Synopsis: The sons of police chief Brody must protect civilians at a Sea World theme park after a gigantic 35-foot shark becomes trapped in the park.
Stars: Dennis Quaid, Bess Armstrong, Simon MacCorkindale, Louis Gossett Jr., John Putch, Lea Thompson, P.H. Moriarty
Director: Joe Alves
Running Length: 99 minutes
TMMM Score: (5/10)
Review: It’s not that hard to see that this was originally intended to be a comedy in the National Lampoon vibe and titled Jaws 3, People 0. The trouble is, when the producers got cold feet and went back to making a more serious-minded film, no one told the shark because it gets its fair share of laughs.
One of the first films in the early 80’s to employ the revitalization of 3D technology; I still wouldn’t mind seeing this second sequel in the Jaws franchise the way it was originally projected in the summer of 1983. Maybe hiding behind some cardboard 3D glasses a more enjoyable film would have emerged because stripped of this gimmick, the movie sinks pretty fast as so many similarly released 3D films did in that era.
The one interesting thing about this entry is its setting. Moving away from the fictional New England set Amity Island, Jaws 3D takes place at Sea World. Yeah, you read that right…it’s not Sea Park or Ocean World or something that suggests the famous theme park but the big girl herself. Nowadays, this kind of movie would never be allowed to film in a place that relies on benign tourism to stay afloat. What goes on in this film would send a modern mom and dad from Utah running back to Dollywood for their summer vacation.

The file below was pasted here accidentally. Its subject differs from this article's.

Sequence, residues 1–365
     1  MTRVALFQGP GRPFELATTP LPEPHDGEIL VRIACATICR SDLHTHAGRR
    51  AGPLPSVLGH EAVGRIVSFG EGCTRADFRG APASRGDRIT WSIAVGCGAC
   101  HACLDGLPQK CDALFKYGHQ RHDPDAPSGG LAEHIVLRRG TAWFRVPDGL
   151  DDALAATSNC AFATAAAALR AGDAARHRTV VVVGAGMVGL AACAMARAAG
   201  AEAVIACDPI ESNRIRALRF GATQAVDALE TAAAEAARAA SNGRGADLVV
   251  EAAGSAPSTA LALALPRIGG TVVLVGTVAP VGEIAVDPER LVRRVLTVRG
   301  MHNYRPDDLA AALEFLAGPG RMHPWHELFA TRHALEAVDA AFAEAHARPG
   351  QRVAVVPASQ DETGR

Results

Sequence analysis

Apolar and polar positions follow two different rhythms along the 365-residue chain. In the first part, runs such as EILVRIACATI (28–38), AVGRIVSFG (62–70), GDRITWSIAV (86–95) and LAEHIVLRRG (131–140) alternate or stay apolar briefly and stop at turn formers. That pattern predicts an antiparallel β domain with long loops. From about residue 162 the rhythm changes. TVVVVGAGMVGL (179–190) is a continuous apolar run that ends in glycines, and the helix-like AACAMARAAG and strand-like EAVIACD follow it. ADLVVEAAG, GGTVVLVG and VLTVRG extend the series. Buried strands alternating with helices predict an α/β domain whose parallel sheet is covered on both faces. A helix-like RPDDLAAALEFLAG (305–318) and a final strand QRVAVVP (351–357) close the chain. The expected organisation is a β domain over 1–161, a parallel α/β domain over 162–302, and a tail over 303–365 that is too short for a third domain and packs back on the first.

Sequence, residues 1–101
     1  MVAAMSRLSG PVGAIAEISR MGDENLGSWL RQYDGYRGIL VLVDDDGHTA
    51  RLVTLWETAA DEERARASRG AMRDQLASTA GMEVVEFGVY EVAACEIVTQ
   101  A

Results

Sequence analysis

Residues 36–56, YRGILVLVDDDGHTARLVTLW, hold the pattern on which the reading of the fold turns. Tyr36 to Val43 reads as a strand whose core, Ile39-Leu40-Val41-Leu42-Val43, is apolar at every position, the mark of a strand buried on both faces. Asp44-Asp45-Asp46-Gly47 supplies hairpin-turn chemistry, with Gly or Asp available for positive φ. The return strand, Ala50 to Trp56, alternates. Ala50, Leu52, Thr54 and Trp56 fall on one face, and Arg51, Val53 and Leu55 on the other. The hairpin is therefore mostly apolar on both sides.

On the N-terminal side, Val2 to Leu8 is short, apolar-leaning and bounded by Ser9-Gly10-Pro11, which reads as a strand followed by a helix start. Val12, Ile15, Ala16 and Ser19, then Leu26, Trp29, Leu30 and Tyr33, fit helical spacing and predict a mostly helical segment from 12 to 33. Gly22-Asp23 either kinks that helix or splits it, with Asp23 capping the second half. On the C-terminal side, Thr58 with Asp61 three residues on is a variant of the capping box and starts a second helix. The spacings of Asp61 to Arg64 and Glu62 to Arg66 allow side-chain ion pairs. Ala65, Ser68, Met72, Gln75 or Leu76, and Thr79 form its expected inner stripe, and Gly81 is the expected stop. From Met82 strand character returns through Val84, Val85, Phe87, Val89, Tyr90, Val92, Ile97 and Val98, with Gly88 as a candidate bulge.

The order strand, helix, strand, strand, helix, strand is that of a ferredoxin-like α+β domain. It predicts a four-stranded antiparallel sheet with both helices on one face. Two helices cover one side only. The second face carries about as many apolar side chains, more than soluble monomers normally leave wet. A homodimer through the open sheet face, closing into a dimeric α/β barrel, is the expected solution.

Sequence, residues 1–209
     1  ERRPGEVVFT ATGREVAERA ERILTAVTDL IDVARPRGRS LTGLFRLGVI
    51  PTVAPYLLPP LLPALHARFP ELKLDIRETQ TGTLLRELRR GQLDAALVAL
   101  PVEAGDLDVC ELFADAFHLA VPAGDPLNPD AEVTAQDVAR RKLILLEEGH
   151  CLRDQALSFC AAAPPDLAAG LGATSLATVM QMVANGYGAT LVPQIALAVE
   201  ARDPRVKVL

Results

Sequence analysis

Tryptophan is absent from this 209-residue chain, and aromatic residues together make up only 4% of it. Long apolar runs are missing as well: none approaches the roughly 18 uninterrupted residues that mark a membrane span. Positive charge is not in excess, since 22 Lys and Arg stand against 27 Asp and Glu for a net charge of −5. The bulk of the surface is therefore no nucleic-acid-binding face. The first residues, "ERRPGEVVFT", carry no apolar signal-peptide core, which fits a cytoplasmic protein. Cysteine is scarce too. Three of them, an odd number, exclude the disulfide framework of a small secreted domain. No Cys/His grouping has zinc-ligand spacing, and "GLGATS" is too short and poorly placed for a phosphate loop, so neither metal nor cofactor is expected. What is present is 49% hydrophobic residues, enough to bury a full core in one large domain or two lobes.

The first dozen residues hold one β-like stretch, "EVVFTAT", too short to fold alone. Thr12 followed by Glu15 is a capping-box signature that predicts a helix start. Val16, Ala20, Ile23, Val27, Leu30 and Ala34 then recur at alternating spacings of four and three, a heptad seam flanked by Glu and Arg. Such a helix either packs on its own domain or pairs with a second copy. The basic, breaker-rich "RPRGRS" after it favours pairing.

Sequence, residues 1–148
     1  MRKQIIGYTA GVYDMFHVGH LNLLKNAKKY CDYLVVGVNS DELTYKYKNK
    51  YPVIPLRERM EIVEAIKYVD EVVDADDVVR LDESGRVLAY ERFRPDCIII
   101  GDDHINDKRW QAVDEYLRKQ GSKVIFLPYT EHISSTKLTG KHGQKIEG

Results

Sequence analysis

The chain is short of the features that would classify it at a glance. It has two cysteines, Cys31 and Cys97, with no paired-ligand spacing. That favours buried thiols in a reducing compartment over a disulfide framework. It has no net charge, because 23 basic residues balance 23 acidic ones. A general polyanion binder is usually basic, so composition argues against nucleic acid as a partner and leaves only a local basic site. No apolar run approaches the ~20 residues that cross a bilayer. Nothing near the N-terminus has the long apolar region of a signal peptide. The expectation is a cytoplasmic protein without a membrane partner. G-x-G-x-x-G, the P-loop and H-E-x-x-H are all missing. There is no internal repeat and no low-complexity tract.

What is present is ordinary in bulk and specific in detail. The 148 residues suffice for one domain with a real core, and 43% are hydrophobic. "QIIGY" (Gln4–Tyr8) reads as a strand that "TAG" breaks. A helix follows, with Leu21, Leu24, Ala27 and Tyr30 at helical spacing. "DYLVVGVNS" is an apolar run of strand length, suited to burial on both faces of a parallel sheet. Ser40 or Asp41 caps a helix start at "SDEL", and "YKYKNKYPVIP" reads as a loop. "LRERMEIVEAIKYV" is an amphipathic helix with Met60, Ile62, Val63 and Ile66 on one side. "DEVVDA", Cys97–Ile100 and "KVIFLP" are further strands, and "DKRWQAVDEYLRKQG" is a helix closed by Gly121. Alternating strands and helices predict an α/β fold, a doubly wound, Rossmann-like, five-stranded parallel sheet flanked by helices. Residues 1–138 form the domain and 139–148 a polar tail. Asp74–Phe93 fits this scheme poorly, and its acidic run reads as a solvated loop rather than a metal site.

Directed by Joe Alves who served as the production designer on Jaws and Jaws 2, Jaws 3D once again follows members of the Brody family (sons Michael and Sean) as they happen to be in the very same place where a great white shark gets loose in and around the lagoons of Sea World. Dennis Quaid (What to Expect When You’re Expecting) and Bess Armstrong are likable enough in their lead roles but it’s strange to see Oscar winner Louis Gossett, Jr. hemming and hawing as the blustery owner of the property. He’s not required to do much and he does that just fine. Lea Thompson and the late Simon MacCorkindale are also on board to add a few colorful touches…not that the film’s gaudy color palette needed them.
The way the movie was filmed with 3D cameras spells trouble when viewing the film in 2D because it’s a rather ugly looking movie that shows its age in nearly every frame. It’s no wonder this was the first and last film Alves directed, but it’s not so much a failure on his end but rather on the studio itself for making the unwise decision to take the shark out of its familiar surroundings in the first place.
I’ve seen clips of the movie in 3D on YouTube and while some of the effects might have been nice projected 30 feet high, seen on the small screen in 2013 they are not that far removed from a school cut and paste project. Won’t some local theater dig up a print of this and have a screening so fans of the series too young to have seen it in theaters can experience it for themselves? The film won’t magically get better just because the shark will come out of the screen in 3D…but there’s something to be said for seeing a movie as it was intended to be shown.
Until then…I’ll keep watching Jaws 3D and lamenting its poor choices, decent performances, corny effects, and serviceable shark.